'Dead zone' area shrinking

September 30, 2004

A team of Texas A&M University and Louisiana State University scientists conducted a research cruise in late August to the "dead zone" - a region in the northern Gulf of Mexico that suffers from low oxygen and results in huge marine losses - and much to their surprise, the "dead zone" area had either moved or had disappeared completely.

Steven DiMarco, associate professor in the Department of Oceanography and leader of the team, found that some areas that were previously hypoxic - a technical term for extremely low dissolved oxygen concentrations in water - had broken up and appeared to pose little threat to marine life, while in other areas the hypoxia appeared to have moved further off shore.

Hypoxia can result in fish kills and can adversely affect many types of marine life where it is present. The dead zone area encompassed more than 6,000 square miles this year.

"We found that the hypoxia had moved offshore from shallow waters to much deeper waters in the Gulf," DiMarco explains. "In other words, much of the dead zone had broken up, and this very much surprised us."

DiMarco believes there are two reasons why the region affected by hypoxia broke up and changed location.

"Strong coastal currents can develop and breakup the stratification that causes hypoxia," he says. "Another is offshore circulation features, such as eddies, that intrude onto the continental shelf. We think this could break down the hypoxia in the area as well."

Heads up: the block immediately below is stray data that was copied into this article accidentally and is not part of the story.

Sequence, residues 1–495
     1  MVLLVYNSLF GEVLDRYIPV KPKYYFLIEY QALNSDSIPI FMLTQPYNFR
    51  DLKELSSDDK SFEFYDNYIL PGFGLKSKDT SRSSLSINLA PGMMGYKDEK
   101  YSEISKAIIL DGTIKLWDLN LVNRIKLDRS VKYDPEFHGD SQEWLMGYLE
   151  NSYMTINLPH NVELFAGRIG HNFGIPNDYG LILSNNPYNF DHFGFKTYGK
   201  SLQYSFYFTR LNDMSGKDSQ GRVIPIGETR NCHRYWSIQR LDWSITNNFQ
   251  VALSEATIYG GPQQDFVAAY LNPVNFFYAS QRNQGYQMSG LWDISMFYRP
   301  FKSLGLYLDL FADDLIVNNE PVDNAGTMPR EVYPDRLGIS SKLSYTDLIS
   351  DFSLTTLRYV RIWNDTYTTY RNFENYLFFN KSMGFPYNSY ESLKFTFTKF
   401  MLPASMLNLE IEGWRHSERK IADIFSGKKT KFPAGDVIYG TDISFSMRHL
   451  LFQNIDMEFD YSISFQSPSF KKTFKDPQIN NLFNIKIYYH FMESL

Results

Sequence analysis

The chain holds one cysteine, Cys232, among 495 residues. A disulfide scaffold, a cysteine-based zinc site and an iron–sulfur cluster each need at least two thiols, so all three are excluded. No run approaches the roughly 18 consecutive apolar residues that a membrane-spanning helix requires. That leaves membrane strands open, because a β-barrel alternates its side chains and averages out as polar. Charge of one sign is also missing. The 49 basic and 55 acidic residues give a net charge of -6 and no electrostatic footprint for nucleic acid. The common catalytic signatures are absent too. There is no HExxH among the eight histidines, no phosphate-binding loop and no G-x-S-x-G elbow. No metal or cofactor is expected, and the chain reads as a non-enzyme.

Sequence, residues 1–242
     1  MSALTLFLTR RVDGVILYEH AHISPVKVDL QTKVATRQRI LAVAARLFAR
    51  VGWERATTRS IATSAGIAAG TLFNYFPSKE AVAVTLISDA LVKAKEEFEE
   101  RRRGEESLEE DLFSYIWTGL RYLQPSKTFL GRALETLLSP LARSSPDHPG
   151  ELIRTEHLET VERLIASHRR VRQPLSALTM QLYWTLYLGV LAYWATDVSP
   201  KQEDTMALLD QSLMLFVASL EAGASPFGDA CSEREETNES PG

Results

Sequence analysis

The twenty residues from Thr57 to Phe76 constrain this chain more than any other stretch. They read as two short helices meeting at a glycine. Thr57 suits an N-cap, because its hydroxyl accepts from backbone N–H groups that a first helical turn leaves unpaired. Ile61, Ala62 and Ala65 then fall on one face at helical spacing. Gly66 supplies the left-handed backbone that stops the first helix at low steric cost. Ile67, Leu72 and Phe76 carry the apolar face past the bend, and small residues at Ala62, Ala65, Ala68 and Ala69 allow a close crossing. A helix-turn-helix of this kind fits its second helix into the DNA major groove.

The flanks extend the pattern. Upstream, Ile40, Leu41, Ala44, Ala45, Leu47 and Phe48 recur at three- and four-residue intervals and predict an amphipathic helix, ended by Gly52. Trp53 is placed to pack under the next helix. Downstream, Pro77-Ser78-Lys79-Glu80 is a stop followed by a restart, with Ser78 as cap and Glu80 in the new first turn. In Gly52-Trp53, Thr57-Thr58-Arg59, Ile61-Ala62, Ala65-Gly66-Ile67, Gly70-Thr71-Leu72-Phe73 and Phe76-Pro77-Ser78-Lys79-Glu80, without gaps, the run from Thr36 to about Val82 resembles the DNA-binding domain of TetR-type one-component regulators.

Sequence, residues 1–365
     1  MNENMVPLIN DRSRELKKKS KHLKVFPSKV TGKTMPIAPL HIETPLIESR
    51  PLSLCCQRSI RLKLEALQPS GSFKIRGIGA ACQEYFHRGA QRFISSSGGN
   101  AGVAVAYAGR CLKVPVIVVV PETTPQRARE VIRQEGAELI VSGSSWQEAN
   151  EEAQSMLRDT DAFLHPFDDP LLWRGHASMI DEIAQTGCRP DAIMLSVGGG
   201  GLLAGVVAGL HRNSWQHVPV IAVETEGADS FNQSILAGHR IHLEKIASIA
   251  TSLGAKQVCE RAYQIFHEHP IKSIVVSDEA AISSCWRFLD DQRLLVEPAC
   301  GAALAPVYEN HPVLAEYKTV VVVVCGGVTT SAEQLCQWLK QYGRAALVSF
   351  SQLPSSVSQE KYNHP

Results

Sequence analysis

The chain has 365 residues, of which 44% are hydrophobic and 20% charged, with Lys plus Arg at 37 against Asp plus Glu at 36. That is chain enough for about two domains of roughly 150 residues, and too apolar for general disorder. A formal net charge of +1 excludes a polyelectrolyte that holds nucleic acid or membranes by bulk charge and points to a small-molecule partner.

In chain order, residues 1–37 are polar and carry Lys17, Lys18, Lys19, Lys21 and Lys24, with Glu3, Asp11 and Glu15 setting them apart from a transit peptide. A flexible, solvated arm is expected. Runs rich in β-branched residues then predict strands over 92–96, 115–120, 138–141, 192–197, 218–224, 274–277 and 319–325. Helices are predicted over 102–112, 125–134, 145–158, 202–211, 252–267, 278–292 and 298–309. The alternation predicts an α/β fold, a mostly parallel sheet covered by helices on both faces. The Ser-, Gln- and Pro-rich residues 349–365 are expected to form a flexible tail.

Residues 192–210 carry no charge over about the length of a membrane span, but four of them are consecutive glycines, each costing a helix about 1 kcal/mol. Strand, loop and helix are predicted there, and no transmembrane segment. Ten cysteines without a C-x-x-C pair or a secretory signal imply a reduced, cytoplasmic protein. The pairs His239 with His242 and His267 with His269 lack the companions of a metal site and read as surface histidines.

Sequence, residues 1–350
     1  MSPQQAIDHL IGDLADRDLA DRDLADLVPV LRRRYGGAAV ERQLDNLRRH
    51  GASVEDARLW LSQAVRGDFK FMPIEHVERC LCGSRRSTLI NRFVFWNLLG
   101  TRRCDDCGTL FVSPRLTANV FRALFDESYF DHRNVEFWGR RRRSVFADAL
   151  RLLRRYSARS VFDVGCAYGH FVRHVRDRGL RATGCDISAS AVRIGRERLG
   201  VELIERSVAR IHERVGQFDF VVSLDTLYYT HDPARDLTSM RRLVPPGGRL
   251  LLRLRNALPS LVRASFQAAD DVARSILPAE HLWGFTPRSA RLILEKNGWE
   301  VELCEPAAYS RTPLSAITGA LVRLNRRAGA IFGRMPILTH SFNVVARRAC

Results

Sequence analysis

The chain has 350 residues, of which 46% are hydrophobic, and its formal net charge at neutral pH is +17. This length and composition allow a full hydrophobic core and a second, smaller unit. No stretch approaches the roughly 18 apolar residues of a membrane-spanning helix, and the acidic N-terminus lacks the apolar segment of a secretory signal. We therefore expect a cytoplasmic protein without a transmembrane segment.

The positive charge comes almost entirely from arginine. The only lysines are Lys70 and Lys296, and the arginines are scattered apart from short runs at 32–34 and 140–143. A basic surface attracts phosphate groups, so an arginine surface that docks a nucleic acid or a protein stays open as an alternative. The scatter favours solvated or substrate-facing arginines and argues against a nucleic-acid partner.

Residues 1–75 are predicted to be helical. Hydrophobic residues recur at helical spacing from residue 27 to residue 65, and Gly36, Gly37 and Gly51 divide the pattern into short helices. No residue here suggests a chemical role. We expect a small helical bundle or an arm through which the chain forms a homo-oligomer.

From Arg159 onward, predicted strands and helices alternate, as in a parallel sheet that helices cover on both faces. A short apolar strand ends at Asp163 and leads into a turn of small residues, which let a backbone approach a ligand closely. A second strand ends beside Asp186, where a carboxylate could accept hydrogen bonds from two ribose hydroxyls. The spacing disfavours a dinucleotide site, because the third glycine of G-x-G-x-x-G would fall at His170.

The NOAA (National Oceanic and Atmospheric Administration) study, conducted from Texas A&M's research ship R/V Gyre, stretched from an area near Southwest Pass, La., to the Calcasieu Ship Channel near the Texas-Louisiana border.

There are numerous theories as to the cause of the dead zone. Many scientists believe it is caused by fertilizer runoff from the Mississippi River, while other theories point to more complicated and interrelated factors.

"Just a few weeks before we went on our research cruise, other teams in the area reported seeing few if any fishing boats in the dead zone area," DiMarco says.

"But we were surprised to see a lot of fishing boats, especially shrimp boats, there. That means marine life has returned to the area where just three weeks before, the oxygen levels were recorded as being extremely low.

The dead zone has been studied and tracked since it was discovered 20 years ago, DiMarco says.

"We need to do some further research to determine the specific mechanisms under which hypoxia is created, maintained, and ultimately dissipated," he believes.

DiMarco will present his findings next month at a meeting of the International Marine Environmental Modeling Seminar in Washington, D.C.

Source: Texas A&M University

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